New Summit website coming in May 2021!

                   Check the SFU library website for updates.

Communication - Theses, Dissertations, and other Required Graduate Degree Essays

Receive updates for this collection

The valley of desire: A study of Kashmir as portrayed through popular Indian cinema

Author: 
Date created: 
2020-08-31
Abstract: 

Indian-occupied Kashmir has been a conflicted territory since 1947. This paper studies the representation of Kashmir and its civilian population in popular Hindi films. As Bollywood has an immensely dedicated audience, both in India as well as globally, the sensitive issues surrounding Kashmir make for extremely sought-after and therefore potentially influential content in films. I argue that these films reflect a sharp bias and a myopic approach towards showcasing the area and its civilian population. This paper employs the use of film analysis and critical discourse analysis to examine seven films — Mission Kashmir (2000), Yahaan (2005),Fanaa (2006), I am (2010), Lamhaa (2010), Haider (2014) and Hamid (2018) — to support the argument. The results show that all the films except Haider and Hamid misrepresent or underrepresent the realities of Kashmir. The content is highly Islamophobic and hyper-nationalistic, undermining the role of the local population in the whole conflict scenario.

Document type: 
Graduating extended essay / Research project
File(s): 
Supervisor(s): 
Zoe Druick
Department: 
Communication, Art & Technology: School of Communication
Thesis type: 
(Extended Essay) M.A.

Forgotten voices: The untold stories of Caribbean migration to Vancouver

Date created: 
2020-12-18
Abstract: 

The role of oral history in Caribbean culture promotes the use of narrative in order to retrieve missing histories not found in literature. It examines the power of narrative in reconstructing memories through counterstorytelling in order to increase the visibility of a community that has been pushed to the margins of Vancouver’s history. Though this work primarily focuses on the story of Afro-Caribbean immigrants, their highlighted experiences force the need for others to acknowledge their colour first, and their culture second. This forceful recognition of their colour neglects cultural identity, their story and more importantly, their humanity. As such, the objective of this thesis is to spotlight stories of Caribbean narrative and provide space for knowledge sharing amongst eight participants conducted over the course of 2019. Through storytelling, participants provided a historical record of their experiences where no record previously existed and expressed moments of success, triumph but also of discrimination and anti-black racism. Findings reveal that their race impacts the way in which they move through society and with that they sought actionable change in their communities or moved through their reality with constant reminders of their difference.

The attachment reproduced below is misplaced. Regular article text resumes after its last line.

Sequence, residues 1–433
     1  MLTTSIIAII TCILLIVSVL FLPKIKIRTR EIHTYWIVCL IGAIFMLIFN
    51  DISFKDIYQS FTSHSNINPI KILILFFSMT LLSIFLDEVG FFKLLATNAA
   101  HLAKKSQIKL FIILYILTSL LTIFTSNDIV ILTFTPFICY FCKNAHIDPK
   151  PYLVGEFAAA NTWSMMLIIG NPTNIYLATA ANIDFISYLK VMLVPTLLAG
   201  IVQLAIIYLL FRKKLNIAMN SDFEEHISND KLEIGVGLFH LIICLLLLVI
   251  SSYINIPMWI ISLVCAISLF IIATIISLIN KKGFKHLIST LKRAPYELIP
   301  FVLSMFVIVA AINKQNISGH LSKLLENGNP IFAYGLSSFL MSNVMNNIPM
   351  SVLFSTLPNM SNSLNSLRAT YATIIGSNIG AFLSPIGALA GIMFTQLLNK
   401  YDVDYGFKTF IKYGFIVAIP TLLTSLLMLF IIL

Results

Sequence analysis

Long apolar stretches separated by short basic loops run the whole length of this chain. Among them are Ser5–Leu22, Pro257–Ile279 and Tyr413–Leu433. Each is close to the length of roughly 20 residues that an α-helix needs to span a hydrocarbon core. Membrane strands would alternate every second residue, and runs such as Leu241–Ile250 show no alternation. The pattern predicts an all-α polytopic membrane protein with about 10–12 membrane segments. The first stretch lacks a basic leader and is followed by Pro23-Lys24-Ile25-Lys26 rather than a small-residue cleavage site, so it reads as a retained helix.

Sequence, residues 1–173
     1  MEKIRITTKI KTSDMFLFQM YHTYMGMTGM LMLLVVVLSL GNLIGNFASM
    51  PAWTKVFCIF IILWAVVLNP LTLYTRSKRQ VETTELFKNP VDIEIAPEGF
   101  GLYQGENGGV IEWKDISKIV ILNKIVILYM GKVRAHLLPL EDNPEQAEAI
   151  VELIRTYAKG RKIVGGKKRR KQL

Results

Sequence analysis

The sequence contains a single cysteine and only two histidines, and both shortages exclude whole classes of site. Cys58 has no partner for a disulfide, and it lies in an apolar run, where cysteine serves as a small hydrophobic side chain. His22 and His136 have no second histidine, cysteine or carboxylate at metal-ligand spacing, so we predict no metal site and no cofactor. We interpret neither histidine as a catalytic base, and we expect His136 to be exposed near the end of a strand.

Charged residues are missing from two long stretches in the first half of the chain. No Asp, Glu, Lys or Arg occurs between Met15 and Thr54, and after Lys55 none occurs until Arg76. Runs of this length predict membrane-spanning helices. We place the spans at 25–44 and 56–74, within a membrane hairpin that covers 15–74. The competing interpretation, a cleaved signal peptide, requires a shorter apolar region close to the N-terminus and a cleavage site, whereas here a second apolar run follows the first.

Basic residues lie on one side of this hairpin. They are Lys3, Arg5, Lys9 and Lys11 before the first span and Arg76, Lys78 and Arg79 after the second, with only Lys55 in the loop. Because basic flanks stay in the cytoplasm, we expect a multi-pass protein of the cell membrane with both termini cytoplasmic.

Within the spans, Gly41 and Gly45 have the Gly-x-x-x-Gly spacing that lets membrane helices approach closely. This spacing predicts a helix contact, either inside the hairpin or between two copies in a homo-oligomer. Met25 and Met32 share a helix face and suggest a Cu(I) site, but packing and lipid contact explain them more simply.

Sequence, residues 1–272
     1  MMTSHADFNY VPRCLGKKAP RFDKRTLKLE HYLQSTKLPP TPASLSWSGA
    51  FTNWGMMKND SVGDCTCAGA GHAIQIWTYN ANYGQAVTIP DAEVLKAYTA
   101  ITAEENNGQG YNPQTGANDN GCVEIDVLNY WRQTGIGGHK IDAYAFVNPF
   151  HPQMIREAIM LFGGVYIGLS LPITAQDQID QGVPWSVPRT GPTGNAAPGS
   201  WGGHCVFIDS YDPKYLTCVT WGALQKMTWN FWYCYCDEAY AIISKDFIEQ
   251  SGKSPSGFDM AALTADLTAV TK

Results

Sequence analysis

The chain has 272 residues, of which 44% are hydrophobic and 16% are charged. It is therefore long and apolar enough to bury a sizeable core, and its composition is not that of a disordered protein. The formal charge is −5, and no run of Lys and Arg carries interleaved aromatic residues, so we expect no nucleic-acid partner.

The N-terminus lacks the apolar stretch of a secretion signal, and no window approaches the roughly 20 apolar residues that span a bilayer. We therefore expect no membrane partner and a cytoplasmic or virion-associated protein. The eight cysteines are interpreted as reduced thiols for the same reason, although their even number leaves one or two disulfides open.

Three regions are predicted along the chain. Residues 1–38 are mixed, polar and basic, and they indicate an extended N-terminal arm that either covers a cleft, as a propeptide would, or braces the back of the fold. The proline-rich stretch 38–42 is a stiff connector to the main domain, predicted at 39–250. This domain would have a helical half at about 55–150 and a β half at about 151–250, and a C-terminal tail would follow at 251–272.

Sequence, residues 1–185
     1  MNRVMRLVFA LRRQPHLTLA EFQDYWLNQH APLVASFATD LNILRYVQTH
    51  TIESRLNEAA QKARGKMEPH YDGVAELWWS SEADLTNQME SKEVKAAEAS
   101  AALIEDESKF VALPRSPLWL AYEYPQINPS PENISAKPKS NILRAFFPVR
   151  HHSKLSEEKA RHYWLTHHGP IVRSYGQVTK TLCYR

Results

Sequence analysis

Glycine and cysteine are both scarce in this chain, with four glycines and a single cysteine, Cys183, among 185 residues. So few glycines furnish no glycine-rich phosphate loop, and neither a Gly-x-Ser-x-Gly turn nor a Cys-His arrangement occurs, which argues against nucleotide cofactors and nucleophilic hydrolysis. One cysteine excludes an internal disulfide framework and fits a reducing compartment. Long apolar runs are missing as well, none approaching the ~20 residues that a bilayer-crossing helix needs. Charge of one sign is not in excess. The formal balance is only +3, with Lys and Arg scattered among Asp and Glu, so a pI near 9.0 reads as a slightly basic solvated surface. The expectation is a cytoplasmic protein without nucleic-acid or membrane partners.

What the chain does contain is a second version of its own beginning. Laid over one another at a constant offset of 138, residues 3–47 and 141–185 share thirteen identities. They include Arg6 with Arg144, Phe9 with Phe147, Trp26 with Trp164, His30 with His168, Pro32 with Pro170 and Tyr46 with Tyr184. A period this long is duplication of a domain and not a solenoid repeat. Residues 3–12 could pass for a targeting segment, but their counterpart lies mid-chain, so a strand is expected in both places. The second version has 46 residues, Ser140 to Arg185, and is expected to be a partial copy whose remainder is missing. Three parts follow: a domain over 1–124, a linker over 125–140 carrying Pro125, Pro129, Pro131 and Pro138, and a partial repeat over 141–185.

Document type: 
Thesis
File(s): 
Supervisor(s): 
Martin Laba
Department: 
Communication, Art & Technology: School of Communication
Thesis type: 
(Thesis) M.A.

Communicating contentious issues in Canada: Analyzing media discourse of medical assistance in dying (MAID)

Author: 
Date created: 
2020-09-25
Abstract: 

Examining the ways medical assistance in dying (MAID) discourse is presented in the media, this thesis analyzes the key themes, issues and contentions found throughout the topic in Canada’s two national papers, The Globe and Mail and the National Post. Through a mixed-methods approach of qualitative and quantitative means, this study examines the period in and around June 17, 2016 when MAID legislation came into effect up to July 1, 2019 using a thematic content analysis, framing analysis, and sentiment analysis approach. Collectively, these methods allowed for an in-depth analysis and breakdown of the ethical, moral, religious, and personal beliefs that contribute to key contentions around the topic of MAID, supplemented by five in-depth interviews among individuals with vested interest in the subject matter. Together, these methods aimed to explore the way contentious issues are presented in the media in the context of medical assistance in dying.

Document type: 
Thesis
File(s): 
Supervisor(s): 
Gary McCarron
Department: 
Communication, Art & Technology: School of Communication
Thesis type: 
(Thesis) M.A.